All articles from Life Sciences >>>

The most recent press releases about innovation >>>

Die letzten 5 Focus-News des innovations-reports im Überblick:

Im Focus: Nanoparticles help with malaria diagnosis – new rapid test in development

The WHO reports an estimated 429,000 malaria deaths each year. The disease mostly affects tropical and subtropical regions and in particular the African continent. The Fraunhofer Institute for Silicate Research ISC teamed up with the Fraunhofer Institute for Molecular Biology and Applied Ecology IME and the Institute of Tropical Medicine at the University of Tübingen for a new test method to detect malaria parasites in blood. The idea of the research project “NanoFRET” is to develop a highly sensitive and reliable rapid diagnostic test so that patient treatment can begin as early as possible.

Malaria is caused by parasites transmitted by mosquito bite. The most dangerous form of malaria is malaria tropica. Left untreated, it is fatal in most cases....

Im Focus: A “cosmic snake” reveals the structure of remote galaxies

The formation of stars in distant galaxies is still largely unexplored. For the first time, astron-omers at the University of Geneva have now been able to closely observe a star system six billion light-years away. In doing so, they are confirming earlier simulations made by the University of Zurich. One special effect is made possible by the multiple reflections of images that run through the cosmos like a snake.

Today, astronomers have a pretty accurate idea of how stars were formed in the recent cosmic past. But do these laws also apply to older galaxies? For around a...

Im Focus: Visual intelligence is not the same as IQ

Just because someone is smart and well-motivated doesn't mean he or she can learn the visual skills needed to excel at tasks like matching fingerprints, interpreting medical X-rays, keeping track of aircraft on radar displays or forensic face matching.

That is the implication of a new study which shows for the first time that there is a broad range of differences in people's visual ability and that these...

Im Focus: Novel Nano-CT device creates high-resolution 3D-X-rays of tiny velvet worm legs

Computer Tomography (CT) is a standard procedure in hospitals, but so far, the technology has not been suitable for imaging extremely small objects. In PNAS, a team from the Technical University of Munich (TUM) describes a Nano-CT device that creates three-dimensional x-ray images at resolutions up to 100 nanometers. The first test application: Together with colleagues from the University of Kassel and Helmholtz-Zentrum Geesthacht the researchers analyzed the locomotory system of a velvet worm.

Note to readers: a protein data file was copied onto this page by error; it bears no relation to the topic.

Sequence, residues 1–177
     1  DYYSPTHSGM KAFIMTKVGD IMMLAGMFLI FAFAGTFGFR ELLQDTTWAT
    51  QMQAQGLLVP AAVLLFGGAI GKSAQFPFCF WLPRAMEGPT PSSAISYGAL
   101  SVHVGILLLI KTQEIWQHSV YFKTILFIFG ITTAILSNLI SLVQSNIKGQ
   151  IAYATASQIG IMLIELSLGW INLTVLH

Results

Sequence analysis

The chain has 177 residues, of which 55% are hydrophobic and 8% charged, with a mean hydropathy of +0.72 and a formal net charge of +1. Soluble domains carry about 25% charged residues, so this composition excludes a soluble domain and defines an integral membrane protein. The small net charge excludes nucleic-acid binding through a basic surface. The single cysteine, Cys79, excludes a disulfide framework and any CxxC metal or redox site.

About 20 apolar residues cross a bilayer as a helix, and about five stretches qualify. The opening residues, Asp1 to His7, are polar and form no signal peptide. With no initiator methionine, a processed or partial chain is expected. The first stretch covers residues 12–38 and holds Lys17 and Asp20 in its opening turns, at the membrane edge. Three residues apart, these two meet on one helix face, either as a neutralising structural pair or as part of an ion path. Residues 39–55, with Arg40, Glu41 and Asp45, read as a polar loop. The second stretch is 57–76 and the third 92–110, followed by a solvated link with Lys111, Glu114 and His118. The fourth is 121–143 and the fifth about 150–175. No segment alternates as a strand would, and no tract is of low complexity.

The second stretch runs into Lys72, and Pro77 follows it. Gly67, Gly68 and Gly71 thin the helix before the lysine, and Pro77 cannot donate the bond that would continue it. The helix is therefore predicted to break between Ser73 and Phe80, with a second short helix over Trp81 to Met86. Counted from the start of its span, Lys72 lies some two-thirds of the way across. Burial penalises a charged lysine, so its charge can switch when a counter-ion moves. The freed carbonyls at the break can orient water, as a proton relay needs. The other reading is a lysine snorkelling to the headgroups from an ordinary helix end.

During a CT analysis, the object under investigation is x-rayed and a detector measures the respective amount of radiation absorbed from various angles....

Im Focus: Researchers Develop Data Bus for Quantum Computer

The quantum world is fragile; error correction codes are needed to protect the information stored in a quantum object from the deteriorating effects of noise. Quantum physicists in Innsbruck have developed a protocol to pass quantum information between differently encoded building blocks of a future quantum computer, such as processors and memories. Scientists may use this protocol in the future to build a data bus for quantum computers. The researchers have published their work in the journal Nature Communications.

Future quantum computers will be able to solve problems where conventional computers fail today. We are still far away from any large-scale implementation,...

All Focus news of the innovation-report >>>

Anzeige

Anzeige

Event News

Ecology Across Borders: International conference brings together 1,500 ecologists

15.11.2017 | Event News

Road into laboratory: Users discuss biaxial fatigue-testing for car and truck wheel

15.11.2017 | Event News

#Berlin5GWeek: The right network for Industry 4.0

30.10.2017 | Event News

 
Latest News

Previous evidence of water on mars now identified as grainflows

21.11.2017 | Physics and Astronomy

NASA's James Webb Space Telescope completes final cryogenic testing

21.11.2017 | Physics and Astronomy

New catalyst controls activation of a carbon-hydrogen bond

21.11.2017 | Life Sciences

VideoLinks
B2B-VideoLinks
More VideoLinks >>>